1,500 hectares of degraded landscapes restored in Talensi

Degraded Landscapes
Degraded Landscapes

About 1,500 hectares of degraded landscape and forest reserves have been restored in the Talensi District of the Upper East Region through the Farmer Managed Natural Regeneration (FMNR) approach.

Naba Kougbira Maaltinga, the Chief of the Yameriga community, who announced this explained that the intervention, introduced to the community in 2009, had also helped to address challenges of climate change in the area.

He said this when the Sustainability Head of ofi, Mr Kennedy Ntoso, donated 120 cutlasses to the beneficiaries of the FMNR at the Yameriga community.

The FMNR is an easy and low-cost land and forest restoration technique used to increase the number of trees in the field without necessarily planting new trees.

It is done through the protection and management of existing trees and shrubs regenerated naturally from tree rootstocks, stumps and dispersed seeds by animals.

It is used to sustainably combat poverty and hunger among poor subsistence farmers by increasing food and timber production and resilience to climate change.

The FMNR is being scaled up in many communities and jointly implemented by the Landscapes and Environmental Agility (LEAN) project and World Vision Ghana, with support from the European Union in the region and West Gonja of the Savannah Region.

The chief observed that the intervention was a more reliable, efficient and cost-effective approach to restore degraded landscape in the five regions of the north than the practice of tree planting.

He urged the government to as matter of urgency integrate FMNR into the Green Ghana Initiative to achieve maximum impact.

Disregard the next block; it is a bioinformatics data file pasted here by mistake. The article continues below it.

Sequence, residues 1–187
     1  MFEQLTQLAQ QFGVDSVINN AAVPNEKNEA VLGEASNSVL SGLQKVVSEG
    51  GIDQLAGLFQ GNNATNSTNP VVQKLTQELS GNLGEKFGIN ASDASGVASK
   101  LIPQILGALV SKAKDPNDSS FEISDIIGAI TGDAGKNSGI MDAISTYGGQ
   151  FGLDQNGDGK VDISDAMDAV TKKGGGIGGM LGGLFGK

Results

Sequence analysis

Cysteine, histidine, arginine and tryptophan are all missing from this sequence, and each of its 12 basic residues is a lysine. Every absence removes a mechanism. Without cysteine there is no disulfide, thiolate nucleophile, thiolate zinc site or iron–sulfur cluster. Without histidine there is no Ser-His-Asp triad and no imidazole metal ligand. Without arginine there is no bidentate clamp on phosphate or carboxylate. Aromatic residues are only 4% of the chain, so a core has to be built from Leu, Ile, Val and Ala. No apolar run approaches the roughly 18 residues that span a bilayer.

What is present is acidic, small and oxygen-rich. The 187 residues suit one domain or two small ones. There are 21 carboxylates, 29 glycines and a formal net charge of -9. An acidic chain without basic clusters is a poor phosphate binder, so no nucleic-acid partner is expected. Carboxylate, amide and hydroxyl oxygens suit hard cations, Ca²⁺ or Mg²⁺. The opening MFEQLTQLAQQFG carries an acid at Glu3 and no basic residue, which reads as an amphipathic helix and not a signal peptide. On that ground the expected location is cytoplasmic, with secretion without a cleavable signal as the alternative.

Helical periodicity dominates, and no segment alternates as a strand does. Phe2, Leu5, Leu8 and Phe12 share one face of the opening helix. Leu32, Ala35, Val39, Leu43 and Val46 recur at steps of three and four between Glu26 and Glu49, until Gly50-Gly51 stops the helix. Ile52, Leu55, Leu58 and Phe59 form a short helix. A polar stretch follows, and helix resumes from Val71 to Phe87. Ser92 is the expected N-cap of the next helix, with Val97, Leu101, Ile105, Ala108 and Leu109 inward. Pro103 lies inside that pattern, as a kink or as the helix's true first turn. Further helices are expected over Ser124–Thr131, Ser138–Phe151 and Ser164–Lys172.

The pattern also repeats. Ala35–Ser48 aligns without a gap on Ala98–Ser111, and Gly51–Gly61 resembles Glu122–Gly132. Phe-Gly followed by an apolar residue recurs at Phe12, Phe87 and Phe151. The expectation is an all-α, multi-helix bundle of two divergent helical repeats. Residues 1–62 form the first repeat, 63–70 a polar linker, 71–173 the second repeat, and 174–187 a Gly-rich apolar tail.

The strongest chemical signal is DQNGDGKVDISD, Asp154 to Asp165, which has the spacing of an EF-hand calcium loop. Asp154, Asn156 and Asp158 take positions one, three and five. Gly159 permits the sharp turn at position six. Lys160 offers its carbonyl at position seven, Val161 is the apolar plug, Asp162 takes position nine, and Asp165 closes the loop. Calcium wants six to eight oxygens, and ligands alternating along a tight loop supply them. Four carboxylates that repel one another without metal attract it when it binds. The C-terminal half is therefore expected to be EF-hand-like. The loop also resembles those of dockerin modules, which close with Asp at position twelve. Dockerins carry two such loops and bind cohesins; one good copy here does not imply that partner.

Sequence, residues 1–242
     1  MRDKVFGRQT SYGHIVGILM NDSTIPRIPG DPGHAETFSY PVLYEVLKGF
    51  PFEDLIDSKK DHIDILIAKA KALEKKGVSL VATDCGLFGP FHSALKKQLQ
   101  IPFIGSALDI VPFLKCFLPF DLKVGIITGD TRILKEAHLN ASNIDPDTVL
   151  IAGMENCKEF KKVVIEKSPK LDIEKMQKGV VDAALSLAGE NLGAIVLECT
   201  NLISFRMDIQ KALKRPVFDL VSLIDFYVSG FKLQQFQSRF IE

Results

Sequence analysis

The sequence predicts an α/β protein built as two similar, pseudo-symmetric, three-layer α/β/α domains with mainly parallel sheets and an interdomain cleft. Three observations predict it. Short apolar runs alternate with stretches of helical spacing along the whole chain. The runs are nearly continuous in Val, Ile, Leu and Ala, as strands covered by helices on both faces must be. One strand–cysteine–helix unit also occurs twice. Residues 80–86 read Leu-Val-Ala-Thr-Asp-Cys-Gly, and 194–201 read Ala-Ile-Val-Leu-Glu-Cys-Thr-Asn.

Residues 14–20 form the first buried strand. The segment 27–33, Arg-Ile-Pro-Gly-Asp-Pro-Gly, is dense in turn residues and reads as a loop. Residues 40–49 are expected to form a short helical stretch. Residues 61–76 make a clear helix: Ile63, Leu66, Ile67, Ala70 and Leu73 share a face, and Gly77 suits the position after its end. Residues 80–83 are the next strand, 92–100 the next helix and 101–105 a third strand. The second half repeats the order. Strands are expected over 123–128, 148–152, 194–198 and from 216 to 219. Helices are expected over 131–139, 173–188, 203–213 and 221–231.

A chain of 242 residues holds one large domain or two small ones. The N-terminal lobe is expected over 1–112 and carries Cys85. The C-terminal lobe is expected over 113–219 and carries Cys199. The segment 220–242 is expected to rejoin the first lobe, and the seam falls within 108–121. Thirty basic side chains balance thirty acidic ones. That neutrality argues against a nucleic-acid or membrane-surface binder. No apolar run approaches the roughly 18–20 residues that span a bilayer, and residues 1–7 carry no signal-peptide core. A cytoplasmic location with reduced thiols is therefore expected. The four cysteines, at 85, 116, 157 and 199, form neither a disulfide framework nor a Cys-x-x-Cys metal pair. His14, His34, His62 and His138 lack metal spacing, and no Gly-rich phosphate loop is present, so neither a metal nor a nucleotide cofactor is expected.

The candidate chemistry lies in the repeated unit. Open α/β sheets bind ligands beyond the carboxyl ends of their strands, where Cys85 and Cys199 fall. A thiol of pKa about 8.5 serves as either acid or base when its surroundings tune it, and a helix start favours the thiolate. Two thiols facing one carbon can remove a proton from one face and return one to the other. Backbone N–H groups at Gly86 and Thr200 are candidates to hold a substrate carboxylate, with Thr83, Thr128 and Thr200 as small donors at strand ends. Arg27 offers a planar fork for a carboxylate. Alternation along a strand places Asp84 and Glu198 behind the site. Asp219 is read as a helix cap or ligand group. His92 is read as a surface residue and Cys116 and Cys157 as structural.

“As a result of the reclaiming of degraded land in the area, a lot of the communities are now enjoying its benefits, including fodder for their animals to graze, empowering herbalists to go into herbal medicines production, fruits and improving and increasing food security in the area as well as providing fuel wood for the communities,” he said.

Mr Samuel Abasiba, the Project Manager of World Vision Ghana in-charge of the FMNR, stated that the Yameriga community had become a FMNR hub and learning centre where a lot of development partners trooped in to learn and to practice.

He said due to the success story chalked by the project, it had been extended to many districts in the region, including Garu, Tempane, Bawku West and Kassena-Nankana West.

He said World Vision collaborated with stakeholders such as the Forestry Commission and the Environmental Protection Agency, Traditional and Opinion leaders to implement the project.

Mr Joseph Edwin Yelkabong, the Project Manager of EU LEAN, World Vision, said through a steering committee meeting organised by his outfit, some farmers from the West Gonja and Kassena-Nankana West Districts were selected to visit the learning centre of FMNR Hub at Yameriga in the Talensi District so that they could replicate the concept in their respective communities.

He said plans were far advanced by those farmers who visited the learning centre to implement the FMNR in 10 communities in the Kassena-Nankana West and 10 communities at the West Gonja Districts.

He said building on the success of the project, a consortium of four, namely Rainforest Alliance, Tropenbos Ghana (TBG), EcoCare Ghana and World Vision Ghana (WVG) with funds from the European Union (EU) were implementing the project titled “Landscapes and Environmental Agility across the Nation – LEAN,” which will address some major barriers in selected landscapes across the savannah, high forest and transitional ecological zones of Ghana.

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